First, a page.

Google plans to support the use of third-party Rust libraries in its Chromium open-source browser project, a significant boost to the programming language and its security features.
In a blog posts published Thursday, Dana Jansens, of Chrome’s security team, said that Google’s software engineers have begun working on a production toolchain for Rust to its construction system. The hope is to include Rust code in the Chrome binary before the end of the year.
“Our goal in bringing Rust into Chromium is to provide a simpler (no IPC) and safer (less complex C++ overall, no memory safety bugs in a sandbox either) way to satisfy the rule of twoto speed up development (less code to write, less design documents, less security review) and improve security (increase the number of lines of code without memory security bugs, reduce the error density of code) for Chrome,” explained Jansens.
Rust, when not written to be uncertaincan avoid memory security flaws, which represent 70 percent of the serious security bugs identified in Chromium. The language does not guarantee code vulnerability, but it can mean many fewer potential flaws.
For what it’s worth, Google has also been working on it improve memory safety in C++a language that creator Bjarne Stroustrup insists can be memory-safe when it conforms to the ISO C++ standard and follows specific guidelines enforced by static analysis.
Jansens thanked Mozilla, which supported the development of Rust until it matured and attracted enough external support to merit its own foundation. Mozilla has long been financially supported by Google, which pays off as the default search engine in Mozilla’s Firefox browser. But the utility has sought other sources of funding as Chrome eroded the use of Firefox.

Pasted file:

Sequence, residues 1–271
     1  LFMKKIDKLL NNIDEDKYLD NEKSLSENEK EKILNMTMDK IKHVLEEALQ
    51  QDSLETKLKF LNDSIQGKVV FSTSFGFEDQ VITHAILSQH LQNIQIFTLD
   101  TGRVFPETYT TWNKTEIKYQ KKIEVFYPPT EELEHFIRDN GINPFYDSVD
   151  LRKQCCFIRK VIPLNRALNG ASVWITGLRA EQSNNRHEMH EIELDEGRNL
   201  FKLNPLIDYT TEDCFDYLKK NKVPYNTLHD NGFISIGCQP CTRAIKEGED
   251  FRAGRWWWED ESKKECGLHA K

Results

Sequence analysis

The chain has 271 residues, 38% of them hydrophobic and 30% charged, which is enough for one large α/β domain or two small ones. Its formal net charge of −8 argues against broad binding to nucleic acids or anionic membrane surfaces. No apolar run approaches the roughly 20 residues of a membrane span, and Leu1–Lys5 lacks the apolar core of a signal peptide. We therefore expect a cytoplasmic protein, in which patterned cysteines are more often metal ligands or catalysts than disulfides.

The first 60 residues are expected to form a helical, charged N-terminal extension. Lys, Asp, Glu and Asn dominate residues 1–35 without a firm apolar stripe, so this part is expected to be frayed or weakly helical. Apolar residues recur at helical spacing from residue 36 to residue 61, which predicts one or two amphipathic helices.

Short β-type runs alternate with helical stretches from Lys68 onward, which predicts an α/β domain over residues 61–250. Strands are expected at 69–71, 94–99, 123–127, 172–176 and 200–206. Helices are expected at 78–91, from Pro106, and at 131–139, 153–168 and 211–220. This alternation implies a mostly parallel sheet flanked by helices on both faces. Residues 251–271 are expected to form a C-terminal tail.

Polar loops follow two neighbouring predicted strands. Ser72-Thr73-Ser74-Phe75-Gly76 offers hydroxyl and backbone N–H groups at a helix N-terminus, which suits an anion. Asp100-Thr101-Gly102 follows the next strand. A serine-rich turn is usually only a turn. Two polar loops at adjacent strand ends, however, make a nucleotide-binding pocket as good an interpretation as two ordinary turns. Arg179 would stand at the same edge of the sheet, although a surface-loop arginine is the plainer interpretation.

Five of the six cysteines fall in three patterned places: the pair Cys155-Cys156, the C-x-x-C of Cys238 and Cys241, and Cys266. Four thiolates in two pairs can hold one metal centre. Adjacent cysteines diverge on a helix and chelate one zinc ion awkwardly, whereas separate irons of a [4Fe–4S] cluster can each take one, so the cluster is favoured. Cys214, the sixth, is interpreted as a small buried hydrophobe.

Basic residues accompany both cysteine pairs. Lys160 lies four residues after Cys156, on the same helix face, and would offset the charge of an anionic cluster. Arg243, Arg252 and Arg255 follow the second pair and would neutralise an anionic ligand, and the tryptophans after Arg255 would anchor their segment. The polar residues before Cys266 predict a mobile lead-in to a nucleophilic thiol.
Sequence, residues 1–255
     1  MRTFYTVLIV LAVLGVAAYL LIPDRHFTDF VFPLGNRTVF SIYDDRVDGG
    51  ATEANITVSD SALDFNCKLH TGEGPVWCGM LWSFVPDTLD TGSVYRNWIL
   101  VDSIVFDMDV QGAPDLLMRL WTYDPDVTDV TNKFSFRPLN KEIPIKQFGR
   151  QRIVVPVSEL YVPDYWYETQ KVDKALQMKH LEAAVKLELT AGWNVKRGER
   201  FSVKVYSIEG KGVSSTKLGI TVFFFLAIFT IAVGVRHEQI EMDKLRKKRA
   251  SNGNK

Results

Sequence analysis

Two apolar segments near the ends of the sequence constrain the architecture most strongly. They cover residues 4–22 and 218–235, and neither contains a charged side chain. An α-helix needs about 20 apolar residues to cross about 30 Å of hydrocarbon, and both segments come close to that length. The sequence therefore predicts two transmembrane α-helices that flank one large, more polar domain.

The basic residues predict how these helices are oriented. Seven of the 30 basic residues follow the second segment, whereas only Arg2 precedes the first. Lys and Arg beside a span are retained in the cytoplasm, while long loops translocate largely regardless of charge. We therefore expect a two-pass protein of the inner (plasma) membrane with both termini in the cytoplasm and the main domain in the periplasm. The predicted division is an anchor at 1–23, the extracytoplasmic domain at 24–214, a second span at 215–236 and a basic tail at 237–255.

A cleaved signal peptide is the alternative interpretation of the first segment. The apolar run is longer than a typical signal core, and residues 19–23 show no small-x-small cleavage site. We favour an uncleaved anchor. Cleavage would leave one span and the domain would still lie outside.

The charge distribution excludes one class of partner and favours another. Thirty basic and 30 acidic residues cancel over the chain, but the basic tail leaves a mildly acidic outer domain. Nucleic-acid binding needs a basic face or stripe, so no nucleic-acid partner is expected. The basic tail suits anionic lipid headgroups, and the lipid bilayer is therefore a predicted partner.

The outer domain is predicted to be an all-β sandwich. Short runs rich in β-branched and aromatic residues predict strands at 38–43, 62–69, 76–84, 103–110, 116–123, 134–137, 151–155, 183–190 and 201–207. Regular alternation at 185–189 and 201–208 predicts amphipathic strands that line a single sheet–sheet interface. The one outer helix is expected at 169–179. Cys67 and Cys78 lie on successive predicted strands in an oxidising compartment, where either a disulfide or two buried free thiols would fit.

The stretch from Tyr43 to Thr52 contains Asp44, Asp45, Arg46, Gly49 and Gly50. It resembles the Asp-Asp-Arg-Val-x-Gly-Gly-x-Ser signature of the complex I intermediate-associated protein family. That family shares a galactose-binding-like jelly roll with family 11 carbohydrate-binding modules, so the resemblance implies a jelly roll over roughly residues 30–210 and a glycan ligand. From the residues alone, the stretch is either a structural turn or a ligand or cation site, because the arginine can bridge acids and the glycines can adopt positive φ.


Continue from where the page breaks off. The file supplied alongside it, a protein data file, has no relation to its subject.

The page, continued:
Rust and C++, the foundation of Chromium, can interact through tools like cxx, autocxx binding gene, cbindgen, Diplomatand crubit, Jansens explained. These tools provide a safe way to call C++ code from Rust code and vice versa. But there are limits to interoperability between the two languages due to differences in their respective designs.
“For example, Rust guarantees temporal memory safety with static analysis based on two inputs: lifetimes (the conclusion or expressly written) and exclusive variability,” Jansens explained. “The latter is incompatible with the way the majority of Chromium’s C++ is written.”
Jansens observed that because Rust and C++ play by different rules, interoperability can easily go awry. That’s why Google is taking a cautious approach.
Initially, Google will support one-way C++ to Rust interoperability to control the shape of the dependency graph. “Rost cannot depend on C++ so it cannot know about C++ types and functions, except through dependency injection,” Jansens explained. “This way, Rust can’t land in arbitrary C++ code, only in functions passed through the API from C++.”
And for now, Chromium’s exposure to Rust will only be through third-party libraries.
Nonetheless, Google’s deepening commitment to Rust can be expected to significantly enrich the Rust package ecosystem, with the company developing and maintaining tools that crubit to improve bidirectional interoperability between C++ and Rust.
Google has already taken Rust into the Android ecosystem. Microsoft Azure CTO Mark Russinovich has called for the use of Rust rather than C++ in new projects. The Linux kernel has added Rust support. And even Apple, loathe to get involved in technologies it doesn’t control, has used Rust. ®
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